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My Short-lived HyFlex Adventure

Although the journey was short, it came with some important lessons.

I was overcome with joy to receive an answer to my HyFlex survey on bookwidgets posted last week. On one side I was grateful about the advice I was given and on the other side I was happy that someone took their time not only to read my post, but also respond to it.

An (un)fortunate update on this HyFlex adventure is that it was short-lived. My first class was also the last class - the only one in this format. The evening before teaching I was informed that they will be able to split the class in two and starting the following week I will be teaching the online only section. Phew! was my first thought, although I may say, the challenge was intriguing.

However, in preparing for my first class, here is what I did, along with some ideas I came across.

What I did

My anonymous adviser suggested to teach online, as per my preference and focus on introductions for the first class (what better way of building community). I took on this suggestion, and prepared a presentation, first with my introduction (which included images), then with a series of questions for the students. I transformed it into a reading exercise, by writing the answers on the ppt (short answers) as the students were introducing themselves. I had one slide per student, and I tried to alternate between the students in the classroom with and the students online. I think this helped with engagement, as I could see them reading, processing information and commenting on different answers. It was a small group (only 9 students), but we still spent a good hour on that. After a short break, I took advantage of the internet, and showed everybody's country on the map, with some pictures, while they would try to explain what was shown in the photo. Since most of them said their favourite food is their national food, I also showed pictures of that, and let them be the guide of what was seen in the photos. I think we ended on a good note, although by the end, everybody was hungry. Luckily it was lunch time.

As a follow-up activity, I would have emailed them each a slide written about a classmate (short answers) and asked them to write few sentences about them (following a model, for CLB 2 students). I also had a reading worksheet with comprehension questions prepared (on paper and online).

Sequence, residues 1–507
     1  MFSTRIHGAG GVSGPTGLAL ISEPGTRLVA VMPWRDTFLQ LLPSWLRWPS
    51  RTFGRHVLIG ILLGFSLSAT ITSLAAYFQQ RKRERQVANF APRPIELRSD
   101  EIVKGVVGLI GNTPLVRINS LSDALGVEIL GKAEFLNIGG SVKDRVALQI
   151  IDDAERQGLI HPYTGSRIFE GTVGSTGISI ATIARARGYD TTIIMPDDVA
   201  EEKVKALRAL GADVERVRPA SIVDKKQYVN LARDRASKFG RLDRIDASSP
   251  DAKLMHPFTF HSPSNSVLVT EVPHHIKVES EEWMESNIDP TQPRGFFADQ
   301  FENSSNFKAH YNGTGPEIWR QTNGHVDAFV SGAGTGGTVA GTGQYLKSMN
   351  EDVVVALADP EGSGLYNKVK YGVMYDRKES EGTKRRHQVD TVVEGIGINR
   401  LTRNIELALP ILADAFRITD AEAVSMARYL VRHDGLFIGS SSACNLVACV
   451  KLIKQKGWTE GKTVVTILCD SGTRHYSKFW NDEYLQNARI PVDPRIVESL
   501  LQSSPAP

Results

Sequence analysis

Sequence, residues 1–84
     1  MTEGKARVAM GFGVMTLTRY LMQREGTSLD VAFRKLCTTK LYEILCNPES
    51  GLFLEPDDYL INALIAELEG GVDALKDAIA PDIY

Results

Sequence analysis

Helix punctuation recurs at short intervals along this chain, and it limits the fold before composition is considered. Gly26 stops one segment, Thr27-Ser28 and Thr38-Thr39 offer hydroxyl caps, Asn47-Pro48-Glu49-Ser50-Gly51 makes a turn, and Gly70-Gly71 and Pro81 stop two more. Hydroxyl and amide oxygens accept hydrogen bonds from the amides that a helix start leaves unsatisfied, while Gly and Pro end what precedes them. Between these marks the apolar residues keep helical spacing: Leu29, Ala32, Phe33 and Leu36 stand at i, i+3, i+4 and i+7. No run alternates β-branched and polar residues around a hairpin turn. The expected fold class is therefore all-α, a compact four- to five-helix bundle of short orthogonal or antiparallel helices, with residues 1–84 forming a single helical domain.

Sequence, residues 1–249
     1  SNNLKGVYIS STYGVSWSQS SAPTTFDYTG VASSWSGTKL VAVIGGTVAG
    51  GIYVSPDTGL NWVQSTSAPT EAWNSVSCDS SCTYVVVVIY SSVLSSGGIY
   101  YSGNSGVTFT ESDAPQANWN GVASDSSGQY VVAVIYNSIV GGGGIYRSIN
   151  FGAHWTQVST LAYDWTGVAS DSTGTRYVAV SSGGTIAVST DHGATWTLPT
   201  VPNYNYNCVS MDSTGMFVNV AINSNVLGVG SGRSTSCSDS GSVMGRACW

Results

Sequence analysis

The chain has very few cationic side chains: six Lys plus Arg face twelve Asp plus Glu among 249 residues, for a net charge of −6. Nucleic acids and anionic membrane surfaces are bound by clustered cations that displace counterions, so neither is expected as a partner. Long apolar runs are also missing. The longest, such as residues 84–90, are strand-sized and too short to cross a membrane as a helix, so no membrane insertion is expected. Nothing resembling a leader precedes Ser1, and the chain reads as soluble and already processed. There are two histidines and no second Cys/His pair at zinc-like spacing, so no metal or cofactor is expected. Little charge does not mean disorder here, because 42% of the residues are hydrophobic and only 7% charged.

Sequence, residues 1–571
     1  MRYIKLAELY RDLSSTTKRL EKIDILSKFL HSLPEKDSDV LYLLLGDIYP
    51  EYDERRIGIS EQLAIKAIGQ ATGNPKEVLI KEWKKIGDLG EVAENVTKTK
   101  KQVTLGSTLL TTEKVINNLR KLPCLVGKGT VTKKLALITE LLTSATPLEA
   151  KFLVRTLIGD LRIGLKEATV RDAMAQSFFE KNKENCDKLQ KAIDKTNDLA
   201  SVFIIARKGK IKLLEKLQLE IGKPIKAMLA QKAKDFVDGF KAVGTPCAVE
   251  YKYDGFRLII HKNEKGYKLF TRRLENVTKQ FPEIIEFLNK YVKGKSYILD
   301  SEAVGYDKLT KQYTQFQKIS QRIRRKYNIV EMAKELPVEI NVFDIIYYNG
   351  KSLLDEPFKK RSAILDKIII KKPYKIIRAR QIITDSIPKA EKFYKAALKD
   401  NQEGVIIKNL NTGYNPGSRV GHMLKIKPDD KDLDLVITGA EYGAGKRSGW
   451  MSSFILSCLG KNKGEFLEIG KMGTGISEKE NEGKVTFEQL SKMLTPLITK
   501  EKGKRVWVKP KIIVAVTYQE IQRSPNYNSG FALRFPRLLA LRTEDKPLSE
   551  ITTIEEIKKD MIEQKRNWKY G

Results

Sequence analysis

Other Ideas

As I was searching for more ideas for this term, I realized I am not alone in this journey. Although in a different context (k-12), other teachers were looking for advice how to teach a class simultaneously online/remotely and in-person.

First post that drew my attention was that of Dr. Catlin Tucker (@catlin_Tucker, Tucker, 2020). Although the name is different ("concurrent classroom") the idea is the same, and the advice could be modified for an English Learning classroom. From the three suggestions - station rotation model, flipped learning model, and playlist model or individual rotation model - I have used before the flipped learning model, and I think it would be my go-to approach (just sometimes replacing videos with readings). However, I would like to give the other two a try.

The second inspiration came on twitter from Beth Alexander (@bethkalexander, Alexander, 2020). She spent the time to create a series of wonderful info-graphics for her teachers at Linden School in Ontario. She summarized different models of hybrid learning - synchronous direct instructions, synchronous lab, synchronous three-part lesson, digital learning stations, interactive flipped, synchronous jigsaw, asynchronous teacher at home, asynchronous lab, hyflex, and project-based learning. For each model she includes in block lengths of 7-15 minutes what the teacher would do, what the student at home would do, and what the student in class would do, as well as tech tools and assessment method.

I strongly recommend you to check out both resources, and please share other ideas or resources if you would like.

As always, thank you for reading my musings.


bethkalexander. (2020, July 16). It's still hard to know what September will look like, [Tweet].

Tucker, C. (2020, September 02). The Concurrent Classroom: Using Blended Learning Models to Teach Students In-person and Online Simultaneously. Retrieved September 08, 2020, from


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